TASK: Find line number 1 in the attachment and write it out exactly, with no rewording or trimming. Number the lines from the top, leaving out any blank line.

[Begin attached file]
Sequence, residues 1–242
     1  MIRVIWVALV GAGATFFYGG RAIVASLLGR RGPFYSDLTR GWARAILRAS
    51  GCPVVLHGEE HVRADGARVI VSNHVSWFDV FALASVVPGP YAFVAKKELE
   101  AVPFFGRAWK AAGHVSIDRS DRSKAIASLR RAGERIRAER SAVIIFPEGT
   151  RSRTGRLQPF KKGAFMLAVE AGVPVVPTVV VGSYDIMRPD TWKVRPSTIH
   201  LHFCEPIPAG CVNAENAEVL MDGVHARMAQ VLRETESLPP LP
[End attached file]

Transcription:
Sequence, residues 1–242